What does a shy, gay Flemish-Moroccan choreographer make of that slickly hetero courtship dance from Argentina which is the tango?
Sidi Larbi Cherkaoui was drawn apparently to the intensely coupled, always entwined, tactile nature of tango, even if in the bars of Buenos Aires he felt a little left out as everyone kept pairing off for a spot of (milonga) social dancing.
Cherkaoui has said he felt an ethnic outsider while growing up, but it has obviously informed his sharp-eyed signature as a director/choreographer, as he now re-makes traditions others take for granted.
His 2008 work, Sutra, mashed up the martial artistry of 17 Buddhist monks from China and was a hit in Sydney and worldwide. Babel, again with the distinctive huge boxes designed by sculptor Antony Gormley, memorably captured how individuals alternate between reaction and leadership within massed groups of people. Inspired by the Tower of Babel story about the world’s chattering races, Babel was a highlight of the 2012 Sydney Festival.
Now in this Sadler Wells production, he sports ten virtuosic tango dancers from Argentina, two boundary-breaking contemporary dancers, and a powerful onstage band.
Cherkhaoui’s Milonga is also distinguished by artful projections (by designer Eugenio Szwarcer) of the port and backstreets of Buenos Aires from which this immigrant dance of yearning emerged in the 1890s. As pairs assemble, each snatching our focus, multiple back projections transmute each dancer into a crowd. Other sharp projections onto realistic cut-out figures further tease our eye, as do dancers leaping up to orchestrate new 2-D cartoon images of buildings, or sifting digitally through collages of streetscapes.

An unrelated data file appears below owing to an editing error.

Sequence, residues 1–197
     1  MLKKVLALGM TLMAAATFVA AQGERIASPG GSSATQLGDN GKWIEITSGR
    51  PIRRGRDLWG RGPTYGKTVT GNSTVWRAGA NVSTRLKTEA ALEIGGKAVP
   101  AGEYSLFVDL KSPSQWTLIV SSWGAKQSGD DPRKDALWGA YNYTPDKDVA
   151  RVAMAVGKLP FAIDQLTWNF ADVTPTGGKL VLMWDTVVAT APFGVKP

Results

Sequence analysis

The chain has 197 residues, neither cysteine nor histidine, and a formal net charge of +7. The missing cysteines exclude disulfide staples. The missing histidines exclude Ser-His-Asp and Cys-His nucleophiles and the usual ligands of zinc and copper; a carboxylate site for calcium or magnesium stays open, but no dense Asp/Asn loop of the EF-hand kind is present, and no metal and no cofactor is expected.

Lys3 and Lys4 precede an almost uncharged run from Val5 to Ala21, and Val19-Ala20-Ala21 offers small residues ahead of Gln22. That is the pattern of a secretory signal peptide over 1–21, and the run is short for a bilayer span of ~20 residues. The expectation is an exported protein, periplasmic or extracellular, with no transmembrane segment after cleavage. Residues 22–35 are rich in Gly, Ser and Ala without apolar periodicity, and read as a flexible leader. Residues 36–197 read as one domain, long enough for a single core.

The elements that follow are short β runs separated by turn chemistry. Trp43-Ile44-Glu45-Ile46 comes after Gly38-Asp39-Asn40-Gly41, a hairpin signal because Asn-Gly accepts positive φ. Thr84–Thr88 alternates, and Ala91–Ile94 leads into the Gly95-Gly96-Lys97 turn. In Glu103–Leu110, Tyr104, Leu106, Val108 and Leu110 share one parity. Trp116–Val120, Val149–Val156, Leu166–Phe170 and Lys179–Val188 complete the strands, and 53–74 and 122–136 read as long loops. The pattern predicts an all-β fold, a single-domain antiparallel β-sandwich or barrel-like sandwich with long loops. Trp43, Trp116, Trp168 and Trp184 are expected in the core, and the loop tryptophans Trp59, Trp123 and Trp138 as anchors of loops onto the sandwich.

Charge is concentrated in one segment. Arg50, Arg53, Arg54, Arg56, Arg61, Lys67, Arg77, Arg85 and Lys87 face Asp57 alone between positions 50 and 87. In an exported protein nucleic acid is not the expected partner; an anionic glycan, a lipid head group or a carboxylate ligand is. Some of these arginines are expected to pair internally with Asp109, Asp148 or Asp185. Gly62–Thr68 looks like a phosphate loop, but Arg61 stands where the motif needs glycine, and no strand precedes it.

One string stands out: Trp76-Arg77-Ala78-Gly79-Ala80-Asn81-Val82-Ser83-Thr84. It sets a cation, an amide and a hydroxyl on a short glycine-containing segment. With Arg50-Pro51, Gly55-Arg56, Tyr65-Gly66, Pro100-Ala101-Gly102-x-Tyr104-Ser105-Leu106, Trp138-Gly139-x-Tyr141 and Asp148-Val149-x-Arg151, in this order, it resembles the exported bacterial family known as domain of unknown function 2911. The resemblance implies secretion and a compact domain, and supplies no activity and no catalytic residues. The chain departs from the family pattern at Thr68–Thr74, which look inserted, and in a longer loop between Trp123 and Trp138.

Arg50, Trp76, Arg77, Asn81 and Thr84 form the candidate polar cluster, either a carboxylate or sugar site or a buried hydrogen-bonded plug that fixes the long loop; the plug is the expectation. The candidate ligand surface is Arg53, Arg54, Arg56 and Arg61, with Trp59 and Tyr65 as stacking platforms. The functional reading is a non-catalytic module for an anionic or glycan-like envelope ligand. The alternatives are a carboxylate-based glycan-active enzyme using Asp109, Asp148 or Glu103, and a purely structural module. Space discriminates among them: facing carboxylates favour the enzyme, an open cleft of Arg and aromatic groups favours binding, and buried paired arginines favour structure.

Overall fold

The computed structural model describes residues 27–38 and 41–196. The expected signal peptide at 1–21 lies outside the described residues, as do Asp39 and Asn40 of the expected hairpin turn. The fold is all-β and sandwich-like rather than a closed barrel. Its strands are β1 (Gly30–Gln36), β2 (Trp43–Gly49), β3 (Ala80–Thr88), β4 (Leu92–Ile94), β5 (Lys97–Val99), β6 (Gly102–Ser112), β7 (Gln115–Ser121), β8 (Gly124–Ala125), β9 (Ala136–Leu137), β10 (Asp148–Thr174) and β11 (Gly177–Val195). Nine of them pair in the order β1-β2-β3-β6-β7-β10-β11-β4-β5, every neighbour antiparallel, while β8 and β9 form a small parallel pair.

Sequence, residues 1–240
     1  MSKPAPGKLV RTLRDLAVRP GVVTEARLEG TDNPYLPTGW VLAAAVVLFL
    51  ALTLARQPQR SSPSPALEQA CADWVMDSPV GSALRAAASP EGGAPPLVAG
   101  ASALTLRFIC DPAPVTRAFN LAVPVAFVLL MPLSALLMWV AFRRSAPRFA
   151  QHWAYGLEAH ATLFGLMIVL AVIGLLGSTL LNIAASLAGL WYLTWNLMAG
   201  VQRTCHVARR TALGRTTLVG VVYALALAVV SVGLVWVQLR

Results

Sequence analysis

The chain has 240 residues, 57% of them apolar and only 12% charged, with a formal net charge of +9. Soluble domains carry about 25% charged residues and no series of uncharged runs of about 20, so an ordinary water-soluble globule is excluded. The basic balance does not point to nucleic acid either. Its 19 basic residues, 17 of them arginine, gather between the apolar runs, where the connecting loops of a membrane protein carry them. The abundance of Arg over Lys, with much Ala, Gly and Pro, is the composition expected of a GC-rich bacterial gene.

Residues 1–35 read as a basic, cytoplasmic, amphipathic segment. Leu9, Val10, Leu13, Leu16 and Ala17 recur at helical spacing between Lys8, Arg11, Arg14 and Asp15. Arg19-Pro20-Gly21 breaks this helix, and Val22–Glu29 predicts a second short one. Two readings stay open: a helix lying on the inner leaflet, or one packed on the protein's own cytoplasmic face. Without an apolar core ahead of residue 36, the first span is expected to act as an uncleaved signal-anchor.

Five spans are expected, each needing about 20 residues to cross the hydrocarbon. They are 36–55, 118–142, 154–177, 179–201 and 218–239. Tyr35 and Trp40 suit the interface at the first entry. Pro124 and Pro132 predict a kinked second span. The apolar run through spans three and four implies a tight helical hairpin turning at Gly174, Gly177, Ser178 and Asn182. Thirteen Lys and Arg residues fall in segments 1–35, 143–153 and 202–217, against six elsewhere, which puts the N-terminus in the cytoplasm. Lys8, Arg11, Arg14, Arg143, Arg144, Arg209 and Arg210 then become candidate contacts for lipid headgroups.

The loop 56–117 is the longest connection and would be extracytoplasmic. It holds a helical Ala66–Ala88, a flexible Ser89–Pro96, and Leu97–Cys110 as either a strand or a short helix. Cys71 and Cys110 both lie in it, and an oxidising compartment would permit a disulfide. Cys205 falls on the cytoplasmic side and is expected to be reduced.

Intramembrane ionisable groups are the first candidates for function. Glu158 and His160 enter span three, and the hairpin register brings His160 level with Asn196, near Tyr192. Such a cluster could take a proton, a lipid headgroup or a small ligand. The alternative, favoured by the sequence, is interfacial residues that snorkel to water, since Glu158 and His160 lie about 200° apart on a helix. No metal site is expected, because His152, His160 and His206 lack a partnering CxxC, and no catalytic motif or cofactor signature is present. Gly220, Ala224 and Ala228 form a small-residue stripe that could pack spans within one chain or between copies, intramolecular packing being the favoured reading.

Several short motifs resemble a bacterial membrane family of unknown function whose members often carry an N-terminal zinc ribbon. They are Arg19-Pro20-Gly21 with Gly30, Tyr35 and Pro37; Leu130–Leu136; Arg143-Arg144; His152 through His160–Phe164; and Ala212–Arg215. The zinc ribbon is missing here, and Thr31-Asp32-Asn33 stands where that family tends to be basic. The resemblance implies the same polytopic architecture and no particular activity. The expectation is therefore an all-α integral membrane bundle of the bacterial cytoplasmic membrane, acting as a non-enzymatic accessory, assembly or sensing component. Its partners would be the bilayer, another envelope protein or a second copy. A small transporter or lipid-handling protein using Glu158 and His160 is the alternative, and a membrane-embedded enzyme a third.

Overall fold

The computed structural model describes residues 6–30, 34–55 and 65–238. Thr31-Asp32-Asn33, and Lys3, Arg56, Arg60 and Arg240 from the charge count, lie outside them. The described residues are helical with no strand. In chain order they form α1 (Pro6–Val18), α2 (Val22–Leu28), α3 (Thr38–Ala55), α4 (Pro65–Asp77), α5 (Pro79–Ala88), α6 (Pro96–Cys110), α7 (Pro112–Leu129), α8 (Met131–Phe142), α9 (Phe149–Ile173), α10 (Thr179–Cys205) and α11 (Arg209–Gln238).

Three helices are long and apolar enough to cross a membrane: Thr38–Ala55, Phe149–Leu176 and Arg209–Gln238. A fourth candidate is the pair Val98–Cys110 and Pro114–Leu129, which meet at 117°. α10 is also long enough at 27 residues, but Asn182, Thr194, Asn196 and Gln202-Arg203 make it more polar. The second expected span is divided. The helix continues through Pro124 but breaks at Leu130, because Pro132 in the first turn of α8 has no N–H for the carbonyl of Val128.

In front, Cherkaoui reforges the sizzle of tango by often uncoupling it into choreography for ensemble (who promiscuously swap partners like lightening), for five couples in an astonishing synchronicity, or for smaller groups of men and women. A male trio dances in reflective friendship which then arcs into a frenzied sportsmanship, their legs spinning like blades of a helicopter.
We are variously in grungy dance halls or sophisticated ballrooms, cruising or arguing outside on the street, or even enrourte in black to a funeral. Aided by the projections, this everyman and everywhere feel celebrates this dance, even when performed with such virtuosity, as an ordinary-life human impulse. It’s empowered with human relevance and urgent meanings.
This naturalness is also much helped by the maturity and obvious live experience of the dancers.
Melancholy, passion, yearning and grief are all there, but given fresh takes in Cherkhaori’s more balletic and supple interpretation of tango. Clichés of a mechanical, stern-faced theatricality are shaken loose into a more emotionally effective choreography.
Couples however still rule the roost, if not each other. One pair never stops arguing and snapping at each other, the woman still screaming defiantly as she (surely not unhappily?) is spun around the body of her man.
Elsewhere, all five couples form a molten tango engine of assault against the single dancer (Silvina Cortes), jostling her as she wrenchingly dances out her loneliness and sexual bitterness. The subsequent dance, when she is nurtured and bodily enfolded by other contemporary dancer, Damien Fournier, is breathtaking.
A five strong band (including the distinctive bandoneon) skips through tango favourites like Piazzolla’s Libertango along with variations from Cherkaoui’s regular composer Szymon Bazooka. They were reportedly an appealing presence on the right of the stage, although a large flank of the Joan Sutherland Theatre, like me, couldn’t see them.
Overall, Cherkaoui’s performers deliver a compelling acrobatic prowess and a showmanship to match any circus. As a director he supports them with high and inventive production values, but never overreaching his own rigorous choreographic artistry to show “ordinary” people dancing what they feel.